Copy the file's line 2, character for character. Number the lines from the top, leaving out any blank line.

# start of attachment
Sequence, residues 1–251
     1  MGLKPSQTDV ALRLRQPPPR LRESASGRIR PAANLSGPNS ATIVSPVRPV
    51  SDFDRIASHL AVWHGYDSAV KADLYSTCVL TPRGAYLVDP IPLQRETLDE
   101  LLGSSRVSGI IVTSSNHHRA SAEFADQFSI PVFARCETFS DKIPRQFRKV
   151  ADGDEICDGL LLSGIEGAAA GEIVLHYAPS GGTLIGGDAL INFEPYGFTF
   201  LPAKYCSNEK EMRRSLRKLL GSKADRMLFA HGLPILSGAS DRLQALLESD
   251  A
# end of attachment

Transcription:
     1  MGLKPSQTDV ALRLRQPPPR LRESASGRIR PAANLSGPNS ATIVSPVRPV